Is a Car Owner Liable For an Accident Caused By The Driver?

What if Someone Else Was Driving My Car? | Atlanta Accident Attorney

Someone borrows your car, or worse, steals it and then gets in a wreck. What happens to you? Are you liable for the damages that come from the crash? In Georgia, this area of the law is a little murky. It’s not unusual for the law to cover some grey areas with an umbrella statement such as, “It’s the owner’s fault.” However, you can work with an Atlanta accident attorney to show that there’s no reason for you to take all the blame.

There are some instances where you may be held accountable for the accident which another driver caused. These cases also include times that you may not have even been at the scene. How can this happen?

An Atlanta Accident Attorney Explains Owner Liability

There are five common causes behind an insurance company or a court placing liability on the owner of a vehicle when they were not the one driving. Initially, this seems unreasonable, but through explaining each because you’ll find that these are not only reasonable but necessary in many cases.

Negligent Maintenance – One of two possible causes in which you both allowed someone to drive your car and believed them to be a fit driver. Negligent maintenance places the liability on the owner because they failed to maintain their vehicle. Ultimately, the involved entity working to resolve your claim or case will determine that the lack of maintenance attributed to the crash.

How can this happen? A quick example is brake failure. If you knew that your breaks were “going out” or worn through because of squealing, trouble stopping or rolling when in park, but still lent the vehicle you put someone else in danger. If the brake failure led to the crash, you would be liable for the damages because you neglected maintenance.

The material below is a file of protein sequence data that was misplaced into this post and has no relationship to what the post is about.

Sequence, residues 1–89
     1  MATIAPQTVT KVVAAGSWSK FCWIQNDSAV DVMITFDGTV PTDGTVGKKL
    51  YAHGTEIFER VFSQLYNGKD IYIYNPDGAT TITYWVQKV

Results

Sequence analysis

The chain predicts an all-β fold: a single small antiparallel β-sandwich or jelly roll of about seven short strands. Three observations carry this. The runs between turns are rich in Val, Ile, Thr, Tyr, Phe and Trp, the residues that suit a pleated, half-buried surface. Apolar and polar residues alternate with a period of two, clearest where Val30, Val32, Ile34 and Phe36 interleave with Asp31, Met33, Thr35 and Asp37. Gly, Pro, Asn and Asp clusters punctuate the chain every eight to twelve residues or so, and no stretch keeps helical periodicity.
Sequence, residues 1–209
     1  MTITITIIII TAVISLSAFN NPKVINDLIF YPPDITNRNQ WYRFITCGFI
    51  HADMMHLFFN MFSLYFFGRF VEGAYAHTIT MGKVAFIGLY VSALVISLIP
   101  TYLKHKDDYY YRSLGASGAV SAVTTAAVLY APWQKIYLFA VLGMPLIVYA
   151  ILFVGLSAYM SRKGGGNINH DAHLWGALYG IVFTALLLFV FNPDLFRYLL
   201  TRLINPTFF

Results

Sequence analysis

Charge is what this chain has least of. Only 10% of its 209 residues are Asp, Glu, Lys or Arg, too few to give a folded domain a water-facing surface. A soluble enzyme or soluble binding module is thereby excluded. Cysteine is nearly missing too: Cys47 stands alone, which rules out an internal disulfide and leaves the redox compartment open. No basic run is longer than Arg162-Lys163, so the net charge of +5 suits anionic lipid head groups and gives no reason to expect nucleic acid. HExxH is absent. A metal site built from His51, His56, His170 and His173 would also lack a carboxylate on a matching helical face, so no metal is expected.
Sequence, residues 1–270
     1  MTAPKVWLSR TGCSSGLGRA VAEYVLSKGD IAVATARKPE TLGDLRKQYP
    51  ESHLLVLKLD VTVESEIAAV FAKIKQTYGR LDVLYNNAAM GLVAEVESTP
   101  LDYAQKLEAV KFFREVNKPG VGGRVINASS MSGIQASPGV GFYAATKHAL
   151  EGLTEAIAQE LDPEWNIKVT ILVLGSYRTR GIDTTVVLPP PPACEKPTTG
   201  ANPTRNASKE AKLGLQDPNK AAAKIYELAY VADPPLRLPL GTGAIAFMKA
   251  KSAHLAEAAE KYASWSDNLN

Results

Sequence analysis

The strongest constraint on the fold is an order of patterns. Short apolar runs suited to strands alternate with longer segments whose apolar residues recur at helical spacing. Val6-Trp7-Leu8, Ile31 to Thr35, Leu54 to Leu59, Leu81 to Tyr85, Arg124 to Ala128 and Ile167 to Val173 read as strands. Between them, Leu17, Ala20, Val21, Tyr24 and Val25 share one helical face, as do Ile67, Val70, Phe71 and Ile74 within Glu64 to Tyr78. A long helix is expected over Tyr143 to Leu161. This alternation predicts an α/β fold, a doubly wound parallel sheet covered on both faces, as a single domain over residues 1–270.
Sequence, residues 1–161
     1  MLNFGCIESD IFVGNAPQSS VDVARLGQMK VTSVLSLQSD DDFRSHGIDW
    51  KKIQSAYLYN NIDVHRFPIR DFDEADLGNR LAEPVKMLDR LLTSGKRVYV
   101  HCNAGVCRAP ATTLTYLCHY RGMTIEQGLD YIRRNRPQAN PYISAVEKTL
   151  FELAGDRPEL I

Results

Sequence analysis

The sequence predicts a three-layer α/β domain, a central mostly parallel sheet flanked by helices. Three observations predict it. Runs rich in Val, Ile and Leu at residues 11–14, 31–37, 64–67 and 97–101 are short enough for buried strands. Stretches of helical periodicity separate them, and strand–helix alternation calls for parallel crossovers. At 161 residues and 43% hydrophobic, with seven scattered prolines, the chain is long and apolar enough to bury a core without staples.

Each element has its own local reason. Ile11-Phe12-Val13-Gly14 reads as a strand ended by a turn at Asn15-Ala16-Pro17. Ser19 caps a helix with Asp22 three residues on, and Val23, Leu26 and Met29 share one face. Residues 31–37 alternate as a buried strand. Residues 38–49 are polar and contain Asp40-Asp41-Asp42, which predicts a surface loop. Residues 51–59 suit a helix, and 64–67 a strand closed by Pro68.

Employer Liability – The only other way that a trustworthy driver can use a car that isn’t theirs and the owner still be held liable for the damages of a crash. Essentially employer’s take responsibility for the actions of their staff. When an employee is using a commercial vehicle, the owner of the vehicle retains all liability for that driver’s actions.

A Minor with a Driver’s License Application – Often called a “permit” these minors don’t have a full-fledged driver’s license. They have not yet passed a driving test, and thus the state has issued them a permit to practice with a licensed adult driver. The important aspect is that the person liable is almost always the person who signed the permit, allowing the minor to drive.

“Family Car” Belief – When you initiate your car insurance policy, the insurance provider will often encourage you to add any possible driver from the household onto your policy. Why? Because it’s reasonable that anyone with access to your car keys can easily have access to the vehicles insured under your policy.

The family car belief often works with the notion that the parent allows their child to drive, and the child was in an accident. In the instances when this adult-child had their insurance, they may push the liability off on you as the car was a “family car.”

Liability for family car cases will depend on a few key factors such as who most often drove the vehicle, whose name is on the title, and the intent of the owner.

Negligent Entrustment – The most straightforward case behind liability issues is that you allowed someone to drive your car, which was unfit to drive.

Negligent entrustment applies to these situations and more. Lending your vehicle to:

  • Someone who had been drinking or consuming drugs.
  • Someone who is not licensed or is underage.
  • Someone with no, or little, driving experience.
  • Someone who is not able to physically drive safely, such as a person with decreased eyesight.
  • Someone who has a history of reckless driving.

In the above cases, the insurance company or opposing party must show that you were aware of this issue and still chose to lend your car to that person.

Work with an Atlanta Accident Attorney

Because these issues are laid out so clearly it may seem like you can easily decipher which do and do not, apply to you. However, you will likely need the help of an Atlanta accident attorney to defend that you were not at fault or liable in your case.

The Weinstein Firm offers assistance to those handling personal injury claims, auto accident claims, and more. When struggling to understand how auto claims and the law can impact your life, turn to an experienced lawyer in Atlanta.

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